Some area hospitals are seeing cases of people coming into the emergency rooms suffering from severe diarrhea and vomiting after taking the veterinary medicine ivermectin, touted by some as an unproven COVID-19 cure.

While this has not been a significant problem in the Fort Atkinson area, local hospital officials warn against humans ingesting the medicine, which has not been proven to be effective either in preventing or treating the virus.

In fact, taking ivermectin can cause serious health effects, even death, depending on the dose.

“I do not recommend using ivermectin for the treatment or prevention of COVID-19,” said Dr. Chris Stahmer, chief of emergency medicine at Fort Memorial Hospital.

Stahmer said he personally has not run across any cases of people having taken ivermectin coming in to the Fort Atkinson hospital, but he has heard from colleagues in the area that this is happening.

“Any treatment should be in coordination with a physician’s care,” Stahmer said, stating that there is no good evidence to suggest that ivermectin would have any positive effect against COVID-19, although it can lead to ill effects, some of them serious.

“We do, however, have phenomenal evidence supporting vaccines, which are safe and proven to work in preventing serious illness and death from COVID-19,” Stahmer stated.

The emergency health official noted that local and national COVID-19 activity is increasing with the prevalence of the Delta variant.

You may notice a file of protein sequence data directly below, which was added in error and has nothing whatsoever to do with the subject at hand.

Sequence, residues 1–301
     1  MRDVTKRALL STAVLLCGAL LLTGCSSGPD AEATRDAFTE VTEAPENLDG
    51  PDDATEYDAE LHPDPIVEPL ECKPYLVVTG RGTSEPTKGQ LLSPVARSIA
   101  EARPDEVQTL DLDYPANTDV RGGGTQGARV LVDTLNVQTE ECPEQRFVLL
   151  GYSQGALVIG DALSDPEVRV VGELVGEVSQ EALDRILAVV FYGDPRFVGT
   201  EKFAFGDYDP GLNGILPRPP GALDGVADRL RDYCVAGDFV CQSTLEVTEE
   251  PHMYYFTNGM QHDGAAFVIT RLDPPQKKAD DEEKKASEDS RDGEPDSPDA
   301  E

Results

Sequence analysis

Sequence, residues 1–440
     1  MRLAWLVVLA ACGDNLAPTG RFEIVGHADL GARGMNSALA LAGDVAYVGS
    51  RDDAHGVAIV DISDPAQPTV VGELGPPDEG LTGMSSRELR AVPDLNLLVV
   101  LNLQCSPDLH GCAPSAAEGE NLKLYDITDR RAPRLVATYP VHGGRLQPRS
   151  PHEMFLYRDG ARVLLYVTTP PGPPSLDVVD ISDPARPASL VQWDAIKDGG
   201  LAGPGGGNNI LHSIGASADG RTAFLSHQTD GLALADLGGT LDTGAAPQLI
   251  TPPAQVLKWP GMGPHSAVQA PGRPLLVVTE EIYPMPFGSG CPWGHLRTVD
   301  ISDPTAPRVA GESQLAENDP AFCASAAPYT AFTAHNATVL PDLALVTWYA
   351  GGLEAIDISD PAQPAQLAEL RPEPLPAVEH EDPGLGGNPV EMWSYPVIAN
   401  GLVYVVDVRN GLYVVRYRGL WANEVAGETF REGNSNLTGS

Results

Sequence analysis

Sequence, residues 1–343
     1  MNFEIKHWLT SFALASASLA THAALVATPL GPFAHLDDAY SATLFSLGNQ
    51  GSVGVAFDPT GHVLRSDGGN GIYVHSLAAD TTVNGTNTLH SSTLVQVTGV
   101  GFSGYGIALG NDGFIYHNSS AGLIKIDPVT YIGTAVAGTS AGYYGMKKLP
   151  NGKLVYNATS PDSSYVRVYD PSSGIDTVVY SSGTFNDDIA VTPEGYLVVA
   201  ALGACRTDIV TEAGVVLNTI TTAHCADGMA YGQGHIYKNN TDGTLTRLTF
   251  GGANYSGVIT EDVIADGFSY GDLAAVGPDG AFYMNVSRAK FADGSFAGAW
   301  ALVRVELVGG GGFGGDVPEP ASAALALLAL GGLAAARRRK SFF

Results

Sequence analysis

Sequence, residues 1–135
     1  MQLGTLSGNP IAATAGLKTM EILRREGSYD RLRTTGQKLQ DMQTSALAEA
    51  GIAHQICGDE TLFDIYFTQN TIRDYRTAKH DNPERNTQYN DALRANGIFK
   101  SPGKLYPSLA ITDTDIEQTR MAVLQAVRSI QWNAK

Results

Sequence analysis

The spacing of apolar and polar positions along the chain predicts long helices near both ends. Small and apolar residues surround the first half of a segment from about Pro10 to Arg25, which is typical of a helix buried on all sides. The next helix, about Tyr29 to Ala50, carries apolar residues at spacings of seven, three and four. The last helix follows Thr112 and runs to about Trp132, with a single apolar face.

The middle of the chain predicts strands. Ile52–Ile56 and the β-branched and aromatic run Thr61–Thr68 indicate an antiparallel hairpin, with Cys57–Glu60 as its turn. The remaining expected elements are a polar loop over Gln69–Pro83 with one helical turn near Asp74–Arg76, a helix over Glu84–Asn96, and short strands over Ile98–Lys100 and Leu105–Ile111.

‘We are currently back at levels we saw last January,” he said.

With fall on the horizon — which undoubtedly will drive many activities back indoors, providing greater opportunities to spread the disease — area residents need to remain vigilant.

“The vaccine provides the best universal protection,” Stahmer said.

In addition, he encourages all people, vaccinated or not, to wear a mask indoors to help prevent continued spread.

Additional measures people can take to decrease the potential of COVID-19 spread indoors — for example, while dining — include opening windows and using fans to bring in fresh air and improve ventilation, the hospital official said.

As to the efficacy of ivermectin for any purpose other than a livestock de-wormer, he referred people to information from the Centers for Disease Control and Prevention.

The CDC notes that ivermectin currently is not authorized or approved by the Food and Drug Administration for treatment of COVID-19.

In addition, National Institutes for Health officials also have released a statement saying that the NIH has determined that there currently are insufficient data to recommend ivermectin for treatment of COVID-19.

The CDC further states that people should not swallow ivermectin products designed to be used on skin, such as lotions and creams, or any medicines which are not meant for human use such as veterinary ivermectin products.

The CDC says that COVID-19 vaccination is safe and the most effective means to prevent infection, and protect against severe disease and death from SARS-CoV-2, the virus that causes COVID-19, including the Delta variant.

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